The NFL noticed the success Detroit was having with its annual Thanksgiving game — football ratings were exploding, and the Thanksgiving game was a huge hit. So the league began to shop around for a second team to play on Thanksgiving. It was denied by most teams, which didn’t want to have an oddly short week so late in the season — but the Dallas Cowboys took the league up on its offer. After all, the franchise was trying to cultivate its status as "America’s team," and sought the national audience the name suggested it already had. The Cowboys scheduled their first Thanksgiving game with some trepidation, only agreeing because the league guaranteed a certain amount of revenue from the game, but Thanksgiving football is the gift that keeps on giving. The Cowboys packed more than 80,000 people into the Cotton Bowl that day, breaking its attendance record as the team handily beat the Cleveland Browns.

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Since 1966, the Cowboys have played on Thanksgiving every year but two, 1975 and 1977. Those two years, the game was played in St. Louis, because other owners complained that the home game was an advantage for Dallas during the short week. But St. Louis couldn't sell out the games, as fans were already hooked on another tradition: the yearly battle between Kirkwood and Webster Groves. Two high school teams. TV ratings also dropped (possibly in favor of other high school football games), and the league eventually gave up and moved the game back to Dallas.

Even when they're bad, we expect Cowboys and Lions on Turkey Day

Neither Detroit nor Dallas has been very good the last several years (more than several, in Detroit's case), but both teams remain the mainstays of the Thanksgiving lineup. That's not likely to change, either, artly due to some remarkably convoluted TV deals, which give AFC rights to certain networks, NFC rights to others, and certain teams to still others. It's also surely due to the fact that the NFL tried moving the game around and it simply didn't work. In Dallas or Detroit, it does work: last year, the Packers / Lions and Cowboys / Dolphins games were the two highest-rated programs of the fall, besting every other show and even every other football game preceding it. For this year’s slate of games, NBC is charging playoff-like rates for ads, despite the fact that none of this year’s games should be anything resembling a playoff atmosphere – all three games are either irrelevant or should be blowouts.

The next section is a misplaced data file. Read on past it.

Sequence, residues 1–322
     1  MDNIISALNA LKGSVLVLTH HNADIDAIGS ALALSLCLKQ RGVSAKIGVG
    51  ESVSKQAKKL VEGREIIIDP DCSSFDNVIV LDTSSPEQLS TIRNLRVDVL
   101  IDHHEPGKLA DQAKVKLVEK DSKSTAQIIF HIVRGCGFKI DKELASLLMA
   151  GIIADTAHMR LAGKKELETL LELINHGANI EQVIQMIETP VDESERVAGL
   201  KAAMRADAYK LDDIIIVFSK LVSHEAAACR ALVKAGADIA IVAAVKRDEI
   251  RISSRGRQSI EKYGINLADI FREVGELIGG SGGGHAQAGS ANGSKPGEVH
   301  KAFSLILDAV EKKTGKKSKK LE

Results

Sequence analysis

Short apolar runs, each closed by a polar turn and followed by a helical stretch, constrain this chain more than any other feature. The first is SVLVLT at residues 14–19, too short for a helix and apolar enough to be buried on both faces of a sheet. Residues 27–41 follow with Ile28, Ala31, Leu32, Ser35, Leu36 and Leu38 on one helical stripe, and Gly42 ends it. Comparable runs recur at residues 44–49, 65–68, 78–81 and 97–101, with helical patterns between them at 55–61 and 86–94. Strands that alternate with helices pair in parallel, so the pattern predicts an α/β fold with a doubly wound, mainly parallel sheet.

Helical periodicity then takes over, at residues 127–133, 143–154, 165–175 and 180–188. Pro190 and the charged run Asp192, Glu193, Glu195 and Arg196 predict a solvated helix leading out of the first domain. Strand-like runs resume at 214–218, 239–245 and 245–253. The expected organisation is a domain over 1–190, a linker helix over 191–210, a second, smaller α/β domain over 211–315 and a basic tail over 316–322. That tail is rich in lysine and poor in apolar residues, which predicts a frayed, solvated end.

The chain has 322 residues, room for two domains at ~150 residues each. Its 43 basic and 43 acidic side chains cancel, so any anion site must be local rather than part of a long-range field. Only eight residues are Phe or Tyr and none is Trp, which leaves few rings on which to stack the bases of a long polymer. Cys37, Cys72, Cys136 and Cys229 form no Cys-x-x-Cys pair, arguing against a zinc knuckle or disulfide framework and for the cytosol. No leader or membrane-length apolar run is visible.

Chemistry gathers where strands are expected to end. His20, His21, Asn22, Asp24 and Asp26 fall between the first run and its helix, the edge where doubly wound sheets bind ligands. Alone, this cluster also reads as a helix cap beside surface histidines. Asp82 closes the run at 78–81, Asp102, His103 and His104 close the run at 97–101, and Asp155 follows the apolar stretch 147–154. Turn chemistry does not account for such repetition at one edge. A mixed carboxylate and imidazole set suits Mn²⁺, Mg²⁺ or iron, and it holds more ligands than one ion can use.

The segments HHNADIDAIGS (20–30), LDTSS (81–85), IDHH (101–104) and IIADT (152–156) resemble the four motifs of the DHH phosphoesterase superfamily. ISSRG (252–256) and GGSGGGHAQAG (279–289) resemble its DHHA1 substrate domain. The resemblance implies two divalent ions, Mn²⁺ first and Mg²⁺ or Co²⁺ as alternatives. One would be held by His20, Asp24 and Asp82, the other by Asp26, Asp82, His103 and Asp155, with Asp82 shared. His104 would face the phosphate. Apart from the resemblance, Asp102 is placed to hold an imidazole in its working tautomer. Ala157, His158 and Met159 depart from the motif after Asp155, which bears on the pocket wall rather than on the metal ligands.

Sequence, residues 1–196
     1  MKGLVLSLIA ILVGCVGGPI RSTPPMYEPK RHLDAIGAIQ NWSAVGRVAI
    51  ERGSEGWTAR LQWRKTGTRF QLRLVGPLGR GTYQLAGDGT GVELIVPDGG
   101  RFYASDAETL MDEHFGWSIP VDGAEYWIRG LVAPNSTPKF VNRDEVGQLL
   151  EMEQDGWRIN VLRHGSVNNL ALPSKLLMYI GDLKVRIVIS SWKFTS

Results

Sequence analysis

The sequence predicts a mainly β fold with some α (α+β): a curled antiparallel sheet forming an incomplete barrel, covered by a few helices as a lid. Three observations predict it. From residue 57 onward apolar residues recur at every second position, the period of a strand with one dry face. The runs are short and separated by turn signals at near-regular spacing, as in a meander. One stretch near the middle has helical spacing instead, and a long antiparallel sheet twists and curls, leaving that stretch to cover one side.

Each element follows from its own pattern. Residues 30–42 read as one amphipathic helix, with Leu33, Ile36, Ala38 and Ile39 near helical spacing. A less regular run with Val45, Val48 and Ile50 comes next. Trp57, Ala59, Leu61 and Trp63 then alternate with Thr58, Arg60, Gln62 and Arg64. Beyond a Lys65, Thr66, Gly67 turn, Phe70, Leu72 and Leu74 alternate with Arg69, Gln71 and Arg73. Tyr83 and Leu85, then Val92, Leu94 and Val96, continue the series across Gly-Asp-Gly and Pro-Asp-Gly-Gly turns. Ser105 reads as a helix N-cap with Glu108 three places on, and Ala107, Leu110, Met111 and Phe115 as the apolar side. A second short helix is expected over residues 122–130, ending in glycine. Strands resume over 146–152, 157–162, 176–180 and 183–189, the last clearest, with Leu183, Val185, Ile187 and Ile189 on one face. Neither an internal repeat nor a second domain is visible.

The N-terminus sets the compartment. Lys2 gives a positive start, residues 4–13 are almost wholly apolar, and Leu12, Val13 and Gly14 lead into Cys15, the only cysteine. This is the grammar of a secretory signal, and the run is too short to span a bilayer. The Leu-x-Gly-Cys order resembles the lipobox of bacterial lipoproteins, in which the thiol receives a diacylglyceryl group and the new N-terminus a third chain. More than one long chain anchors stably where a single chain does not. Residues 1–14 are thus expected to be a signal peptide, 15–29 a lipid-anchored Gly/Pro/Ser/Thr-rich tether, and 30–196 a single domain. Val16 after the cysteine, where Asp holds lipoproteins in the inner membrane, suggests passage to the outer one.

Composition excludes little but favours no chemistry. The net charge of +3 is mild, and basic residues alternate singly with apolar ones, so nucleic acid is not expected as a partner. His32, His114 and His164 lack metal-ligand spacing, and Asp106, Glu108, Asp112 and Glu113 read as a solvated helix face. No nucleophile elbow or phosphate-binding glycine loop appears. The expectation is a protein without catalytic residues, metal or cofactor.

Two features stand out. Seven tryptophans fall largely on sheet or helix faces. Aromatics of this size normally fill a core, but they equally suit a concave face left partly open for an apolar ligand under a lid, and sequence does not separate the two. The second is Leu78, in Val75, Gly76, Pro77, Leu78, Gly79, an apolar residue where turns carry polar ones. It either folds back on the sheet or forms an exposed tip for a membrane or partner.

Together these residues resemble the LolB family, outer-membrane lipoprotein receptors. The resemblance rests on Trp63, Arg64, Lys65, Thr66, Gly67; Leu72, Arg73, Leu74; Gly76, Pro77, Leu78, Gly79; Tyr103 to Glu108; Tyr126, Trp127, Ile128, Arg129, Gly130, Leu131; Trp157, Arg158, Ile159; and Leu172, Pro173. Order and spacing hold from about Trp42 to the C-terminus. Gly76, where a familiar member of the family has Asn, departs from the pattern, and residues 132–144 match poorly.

Thanksgiving football started as a ploy, betting on both the tryptophan-induced laziness of viewers and the crucial need for time away from family time. But it's become an American tradition, as inseparable from the holiday as Santa Claus is from Christmas. It’s played a key role in bringing professional football to its now-staggering heights, too, from radio to color TV.

So if next year's game is in 3D, it might be catching on after all.

The Verge